Which Boiler to Choose Among Different Types of Boiler?
Choosing the right boiler for your home can be difficult. Hence, a proper understanding of your home’s requirements and the options available in the market is important to making the right decision.
A boiler is likely to be one of the costliest household purchases you’ll make. Therefore, choosing the best new boiler for your home at the right price is very important.
So, here’s given a boiler checklist for your convenience.
Before reaching to any decision, you need to decide which type of new boiler to go for. As such, here’s what you should consider.
Most UK households have a gas heating system equipped with a gas boiler. But if you’re one of the estimated 4.3m households not connected to the UK’s gas network, there are alternatives. These include fitting an oil boiler, LPG boiler, high efficiency storage heaters or perhaps even a biomass boiler, ground or air source heat pump.
If you have a gas heating system with a gas boiler, you need to choose between:
1) Combi Boilers
Also known as the combinational boilers, these are the most popular kind in the UK. These provide heat and hot water without the need ofwater tanks or cylinders. You can opt foreither an electric or a gascombi boiler.
These are very popular in flats and smaller properties, though they are becoming more popular in larger houses as now there are more powerful options to cope with the extra radiators and showers.
Combi installations will typically be cheaper because almost everything is contained in the boiler which negates the requirement for disturbing other areas of the house.
One of the potential downsides of combi boilers is that there is no store of hot water, as it is produced on demand. This may not suit all households if there are multiple people wanting to take a shower in the morning in multiple different bathrooms! The combi will work in terms of priority of where heating is required in the system, so you may get some shrieks from the someone under the shower upstairs if someone starts running a bath downstairs! Larger demands for hot water at any given time can often be better suited to systems boilers.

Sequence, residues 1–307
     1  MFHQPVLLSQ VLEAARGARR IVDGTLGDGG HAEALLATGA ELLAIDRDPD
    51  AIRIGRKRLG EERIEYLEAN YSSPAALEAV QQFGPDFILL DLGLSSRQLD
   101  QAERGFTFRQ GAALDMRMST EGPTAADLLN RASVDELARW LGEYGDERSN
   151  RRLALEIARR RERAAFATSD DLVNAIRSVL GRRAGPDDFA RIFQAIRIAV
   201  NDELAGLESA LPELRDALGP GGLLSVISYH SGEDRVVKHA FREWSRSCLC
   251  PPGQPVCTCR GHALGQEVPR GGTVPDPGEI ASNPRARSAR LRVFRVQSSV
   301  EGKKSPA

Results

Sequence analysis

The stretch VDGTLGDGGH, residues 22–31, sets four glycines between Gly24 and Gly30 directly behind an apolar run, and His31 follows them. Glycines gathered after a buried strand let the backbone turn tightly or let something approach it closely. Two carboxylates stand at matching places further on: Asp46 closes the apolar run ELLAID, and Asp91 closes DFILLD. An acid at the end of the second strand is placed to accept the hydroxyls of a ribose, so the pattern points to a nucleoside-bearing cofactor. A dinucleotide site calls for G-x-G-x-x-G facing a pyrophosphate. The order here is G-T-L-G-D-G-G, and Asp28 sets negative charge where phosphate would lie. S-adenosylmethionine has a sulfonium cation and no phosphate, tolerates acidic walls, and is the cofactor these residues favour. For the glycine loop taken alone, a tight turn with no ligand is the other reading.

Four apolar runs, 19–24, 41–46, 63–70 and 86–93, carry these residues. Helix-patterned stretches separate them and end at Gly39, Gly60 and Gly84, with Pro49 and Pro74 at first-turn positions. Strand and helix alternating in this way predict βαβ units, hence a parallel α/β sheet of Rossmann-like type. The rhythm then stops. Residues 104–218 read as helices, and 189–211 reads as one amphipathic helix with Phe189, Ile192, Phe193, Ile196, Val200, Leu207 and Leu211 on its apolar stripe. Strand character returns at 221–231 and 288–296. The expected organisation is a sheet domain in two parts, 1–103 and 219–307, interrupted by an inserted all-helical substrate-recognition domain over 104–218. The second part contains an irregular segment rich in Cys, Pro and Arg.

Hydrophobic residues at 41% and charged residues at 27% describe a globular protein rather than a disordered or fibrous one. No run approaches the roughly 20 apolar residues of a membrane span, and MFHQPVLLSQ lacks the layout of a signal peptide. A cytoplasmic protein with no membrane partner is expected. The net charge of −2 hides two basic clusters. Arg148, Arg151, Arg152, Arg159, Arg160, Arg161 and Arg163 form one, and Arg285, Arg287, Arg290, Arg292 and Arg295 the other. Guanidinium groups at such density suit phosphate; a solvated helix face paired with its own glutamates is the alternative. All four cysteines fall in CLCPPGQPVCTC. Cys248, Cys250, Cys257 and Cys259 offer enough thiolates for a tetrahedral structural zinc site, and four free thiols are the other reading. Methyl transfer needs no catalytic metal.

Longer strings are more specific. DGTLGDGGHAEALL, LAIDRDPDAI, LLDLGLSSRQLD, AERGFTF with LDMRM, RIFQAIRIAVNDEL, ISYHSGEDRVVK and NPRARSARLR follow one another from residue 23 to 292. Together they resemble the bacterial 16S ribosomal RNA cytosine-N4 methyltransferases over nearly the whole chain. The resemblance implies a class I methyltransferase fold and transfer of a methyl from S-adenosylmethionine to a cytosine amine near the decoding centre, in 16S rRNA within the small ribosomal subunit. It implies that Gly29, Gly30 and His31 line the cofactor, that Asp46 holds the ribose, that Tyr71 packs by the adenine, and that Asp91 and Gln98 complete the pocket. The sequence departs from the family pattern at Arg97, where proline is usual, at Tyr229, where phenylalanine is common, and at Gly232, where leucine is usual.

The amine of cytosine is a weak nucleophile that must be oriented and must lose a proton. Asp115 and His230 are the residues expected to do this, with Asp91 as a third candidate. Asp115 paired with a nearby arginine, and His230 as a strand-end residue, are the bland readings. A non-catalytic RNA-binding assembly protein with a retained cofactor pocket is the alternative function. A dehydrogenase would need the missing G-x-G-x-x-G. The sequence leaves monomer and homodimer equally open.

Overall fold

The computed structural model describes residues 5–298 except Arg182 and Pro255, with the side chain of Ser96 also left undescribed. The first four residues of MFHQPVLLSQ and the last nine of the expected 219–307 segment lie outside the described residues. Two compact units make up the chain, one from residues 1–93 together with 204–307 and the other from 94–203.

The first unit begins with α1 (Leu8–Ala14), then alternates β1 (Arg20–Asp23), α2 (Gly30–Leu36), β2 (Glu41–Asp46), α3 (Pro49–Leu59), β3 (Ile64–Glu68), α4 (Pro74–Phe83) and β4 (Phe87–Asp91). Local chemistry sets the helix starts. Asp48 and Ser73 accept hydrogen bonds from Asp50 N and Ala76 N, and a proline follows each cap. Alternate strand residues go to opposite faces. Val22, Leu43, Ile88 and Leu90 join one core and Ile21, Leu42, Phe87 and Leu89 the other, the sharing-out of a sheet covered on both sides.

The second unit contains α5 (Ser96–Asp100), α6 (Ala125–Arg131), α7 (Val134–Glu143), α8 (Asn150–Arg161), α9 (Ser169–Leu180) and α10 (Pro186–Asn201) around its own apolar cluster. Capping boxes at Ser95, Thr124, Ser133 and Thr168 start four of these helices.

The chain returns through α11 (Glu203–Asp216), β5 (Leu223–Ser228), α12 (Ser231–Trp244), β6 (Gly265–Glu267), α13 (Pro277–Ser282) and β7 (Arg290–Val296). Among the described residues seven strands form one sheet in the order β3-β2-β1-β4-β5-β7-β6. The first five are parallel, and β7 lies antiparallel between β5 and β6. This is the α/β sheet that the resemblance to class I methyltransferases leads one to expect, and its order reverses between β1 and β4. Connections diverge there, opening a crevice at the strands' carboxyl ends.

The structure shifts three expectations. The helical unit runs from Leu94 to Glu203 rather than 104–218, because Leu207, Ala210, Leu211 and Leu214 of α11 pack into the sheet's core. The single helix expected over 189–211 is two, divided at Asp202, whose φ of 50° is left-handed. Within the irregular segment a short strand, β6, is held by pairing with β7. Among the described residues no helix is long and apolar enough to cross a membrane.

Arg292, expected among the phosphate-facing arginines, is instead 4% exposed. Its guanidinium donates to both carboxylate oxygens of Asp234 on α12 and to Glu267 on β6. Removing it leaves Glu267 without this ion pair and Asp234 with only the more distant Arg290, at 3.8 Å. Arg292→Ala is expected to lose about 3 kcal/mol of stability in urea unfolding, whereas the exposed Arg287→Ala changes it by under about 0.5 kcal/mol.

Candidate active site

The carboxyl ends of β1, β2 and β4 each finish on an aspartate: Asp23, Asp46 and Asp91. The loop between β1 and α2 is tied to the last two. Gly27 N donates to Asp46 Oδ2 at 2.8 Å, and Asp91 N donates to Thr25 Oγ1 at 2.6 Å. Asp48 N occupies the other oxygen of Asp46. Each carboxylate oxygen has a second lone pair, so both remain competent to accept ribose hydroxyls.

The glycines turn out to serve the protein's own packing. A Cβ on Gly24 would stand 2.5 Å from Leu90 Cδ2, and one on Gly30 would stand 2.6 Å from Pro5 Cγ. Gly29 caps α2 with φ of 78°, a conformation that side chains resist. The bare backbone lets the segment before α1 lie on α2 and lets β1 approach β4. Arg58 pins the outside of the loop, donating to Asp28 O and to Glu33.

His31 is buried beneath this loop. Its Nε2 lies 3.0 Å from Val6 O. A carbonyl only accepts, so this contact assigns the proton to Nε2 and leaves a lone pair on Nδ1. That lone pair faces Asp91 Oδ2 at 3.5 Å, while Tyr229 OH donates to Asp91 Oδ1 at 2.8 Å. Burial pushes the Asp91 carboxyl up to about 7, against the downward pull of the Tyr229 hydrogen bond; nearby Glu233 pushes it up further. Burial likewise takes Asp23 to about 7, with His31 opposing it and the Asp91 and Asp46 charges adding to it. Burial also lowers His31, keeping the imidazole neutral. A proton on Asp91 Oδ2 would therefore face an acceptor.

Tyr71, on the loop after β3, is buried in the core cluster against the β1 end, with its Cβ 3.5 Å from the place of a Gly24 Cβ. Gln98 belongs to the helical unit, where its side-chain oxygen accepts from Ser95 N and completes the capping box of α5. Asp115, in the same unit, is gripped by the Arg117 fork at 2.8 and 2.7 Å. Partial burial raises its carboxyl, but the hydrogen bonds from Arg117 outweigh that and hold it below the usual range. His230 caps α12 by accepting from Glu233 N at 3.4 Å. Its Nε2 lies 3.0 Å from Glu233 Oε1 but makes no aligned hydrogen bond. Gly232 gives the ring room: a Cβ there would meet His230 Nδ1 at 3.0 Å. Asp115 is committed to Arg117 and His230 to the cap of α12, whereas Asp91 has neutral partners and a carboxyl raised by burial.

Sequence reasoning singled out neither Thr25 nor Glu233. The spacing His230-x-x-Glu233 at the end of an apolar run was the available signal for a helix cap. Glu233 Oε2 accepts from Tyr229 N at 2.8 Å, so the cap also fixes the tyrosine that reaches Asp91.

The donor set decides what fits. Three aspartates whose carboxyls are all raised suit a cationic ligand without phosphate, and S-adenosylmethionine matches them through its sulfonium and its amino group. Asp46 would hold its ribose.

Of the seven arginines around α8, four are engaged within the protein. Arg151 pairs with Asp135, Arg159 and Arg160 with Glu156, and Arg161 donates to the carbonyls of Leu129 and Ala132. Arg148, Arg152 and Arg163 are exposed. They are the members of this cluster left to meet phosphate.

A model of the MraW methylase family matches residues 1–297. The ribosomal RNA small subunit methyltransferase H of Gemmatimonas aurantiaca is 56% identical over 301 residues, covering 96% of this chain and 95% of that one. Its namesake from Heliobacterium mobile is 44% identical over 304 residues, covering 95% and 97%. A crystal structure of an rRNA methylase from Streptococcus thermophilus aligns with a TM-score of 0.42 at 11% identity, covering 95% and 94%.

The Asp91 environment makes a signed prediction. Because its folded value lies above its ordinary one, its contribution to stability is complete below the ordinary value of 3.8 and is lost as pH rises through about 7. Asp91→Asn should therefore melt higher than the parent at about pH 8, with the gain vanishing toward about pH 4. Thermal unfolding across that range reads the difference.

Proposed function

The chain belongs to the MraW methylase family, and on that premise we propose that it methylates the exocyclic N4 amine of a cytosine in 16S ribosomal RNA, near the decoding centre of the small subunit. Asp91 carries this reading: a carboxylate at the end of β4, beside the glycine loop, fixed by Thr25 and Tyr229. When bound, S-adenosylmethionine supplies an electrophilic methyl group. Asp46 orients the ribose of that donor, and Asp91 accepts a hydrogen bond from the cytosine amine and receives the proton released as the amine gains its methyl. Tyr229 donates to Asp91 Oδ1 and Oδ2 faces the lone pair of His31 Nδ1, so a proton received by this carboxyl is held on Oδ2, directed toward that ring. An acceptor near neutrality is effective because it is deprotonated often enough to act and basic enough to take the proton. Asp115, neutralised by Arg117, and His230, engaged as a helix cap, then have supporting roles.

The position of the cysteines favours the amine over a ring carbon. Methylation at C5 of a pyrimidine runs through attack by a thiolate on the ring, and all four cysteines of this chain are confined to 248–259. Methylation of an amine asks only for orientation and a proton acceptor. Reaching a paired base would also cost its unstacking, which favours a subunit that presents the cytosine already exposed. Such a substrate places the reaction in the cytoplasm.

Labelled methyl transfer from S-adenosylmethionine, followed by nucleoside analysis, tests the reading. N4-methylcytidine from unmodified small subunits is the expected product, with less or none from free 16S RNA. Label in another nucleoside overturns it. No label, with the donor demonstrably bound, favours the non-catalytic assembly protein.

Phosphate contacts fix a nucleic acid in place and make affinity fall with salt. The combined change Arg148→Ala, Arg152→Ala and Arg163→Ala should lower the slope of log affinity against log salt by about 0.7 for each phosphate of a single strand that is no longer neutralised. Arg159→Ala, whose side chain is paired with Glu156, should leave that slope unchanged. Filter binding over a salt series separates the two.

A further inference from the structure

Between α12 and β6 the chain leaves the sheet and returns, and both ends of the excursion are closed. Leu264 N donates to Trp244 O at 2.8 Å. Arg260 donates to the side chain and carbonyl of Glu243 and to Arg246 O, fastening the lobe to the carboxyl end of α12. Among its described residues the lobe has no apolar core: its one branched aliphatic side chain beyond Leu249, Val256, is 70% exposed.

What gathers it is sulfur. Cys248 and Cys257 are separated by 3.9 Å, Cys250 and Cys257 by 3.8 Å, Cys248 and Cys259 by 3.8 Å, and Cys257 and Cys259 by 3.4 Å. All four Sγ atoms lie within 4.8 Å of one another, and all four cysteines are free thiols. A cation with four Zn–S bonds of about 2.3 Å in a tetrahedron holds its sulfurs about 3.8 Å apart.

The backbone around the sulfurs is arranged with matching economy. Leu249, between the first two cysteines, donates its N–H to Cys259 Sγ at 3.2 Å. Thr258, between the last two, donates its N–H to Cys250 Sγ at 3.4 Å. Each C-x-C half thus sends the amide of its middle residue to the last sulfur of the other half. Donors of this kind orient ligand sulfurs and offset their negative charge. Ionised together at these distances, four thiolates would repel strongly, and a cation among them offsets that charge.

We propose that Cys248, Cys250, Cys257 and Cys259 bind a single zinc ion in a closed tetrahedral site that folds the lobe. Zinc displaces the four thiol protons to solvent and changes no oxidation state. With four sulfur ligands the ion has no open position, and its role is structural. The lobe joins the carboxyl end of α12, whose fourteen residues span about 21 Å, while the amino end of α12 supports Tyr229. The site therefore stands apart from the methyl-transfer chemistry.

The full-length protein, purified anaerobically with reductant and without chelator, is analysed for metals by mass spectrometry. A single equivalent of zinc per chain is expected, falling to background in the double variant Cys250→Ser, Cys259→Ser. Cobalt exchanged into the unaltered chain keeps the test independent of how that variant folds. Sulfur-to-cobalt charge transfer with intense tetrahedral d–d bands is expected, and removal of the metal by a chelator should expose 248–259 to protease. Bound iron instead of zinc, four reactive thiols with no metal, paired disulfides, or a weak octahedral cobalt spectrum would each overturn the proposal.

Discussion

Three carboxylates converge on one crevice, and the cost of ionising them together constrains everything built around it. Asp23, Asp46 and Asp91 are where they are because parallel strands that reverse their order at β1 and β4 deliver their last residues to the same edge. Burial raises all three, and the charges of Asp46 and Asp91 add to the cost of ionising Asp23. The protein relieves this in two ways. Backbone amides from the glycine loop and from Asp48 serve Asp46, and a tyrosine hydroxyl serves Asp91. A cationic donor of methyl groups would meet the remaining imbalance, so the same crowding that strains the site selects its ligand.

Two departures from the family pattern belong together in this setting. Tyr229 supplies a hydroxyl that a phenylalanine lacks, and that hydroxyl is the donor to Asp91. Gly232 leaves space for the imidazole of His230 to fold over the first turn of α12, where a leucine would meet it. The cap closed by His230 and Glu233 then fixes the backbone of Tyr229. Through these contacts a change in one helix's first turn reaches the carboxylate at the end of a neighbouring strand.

2) System Boilers
Also known as sealed system, these come with a water cylinder and no water tank. The greatest benefit of this type of heating system is having the ability to draw hot water from multiple taps at any given time. This is because a buffer of hot water is stored in the tank.
The tank does not require a cold water feed which can save space in the loft though of course you will need somewhere to put a large tank. The cost of the this will typically be larger than that of a combi installation as there are more component parts to the system, the material cost will be greater and the disruption from installation may put others off.
For people in larger homes though this is often a very good option.
3) Conventional Boilers
Regular boilers or open vent, as they’re alternatively called, conventional boiler have both a cylinder and a tank. These are suitable for homes that need to have hot water in more than one room at the same time.
4) Condensing Boilers
Condensing boilers aren’t actually a boiler type –rather it’s an attribute a boiler can have. These boilers are very energy efficient as they capture heat preventing it to escape from the flue of a non-condensing boiler and re-use it. This means they receive more heat from same amount of fuel, helping you save money on your heating bills.As of 2005 all new build constructions with gas boilers installed in Scotland must be condensing boilers.
5) Energy-Efficient Boilers
All new boilers these days are energy-efficient. Boilers must be A-rated for energy efficiency (at least 88% efficient) since 2010 according to the government policies in the UK.The energy efficiency rating system for boilers is called SEDBUK (Seasonal Efficiency of Domestic Boilers in the UK) now being updated to the ErP mechanism. Boilers of every kind are assessed and given a rating accordingly to help you pick a boiler, which is energy-efficient.
Boiler efficiency is an integral part of determining boiler reviews. According to the Energy Saving Trust, if you have a gas central heating, your boiler will account for about 60% of your home’s CO2 productions. This makes your selection of boiler a key priority if you want to cut yourcarbon footprint and energy bills. With boiler efficiency ratings, you can filter your boiler reviews.
Heating controls is a good way of handling your heating costs as it allows you to ensure that your heating is on certain rooms at certain times. It may be a good time to install a heating control system when you come to replace your boiler.
So Where do I Stand?
Have a look to see where your boiler can be placed. Ideally for most boiler this will be in a place on an outside wall to allow the flue direct exit from the property.
Often boilers are placed in the kitchen as this gives easy access to all plumbing elements in the property.
Moving it away from these elements will generally incur more costs due to the more complex install and more materials required.
When you’re looking at the price, and everybody does, consider what you are paying for: How long is the warranty? What is the power of the boiler? Has the boiler got a good reputation?
Besides these considerations, consulting a professional is always a smart move!
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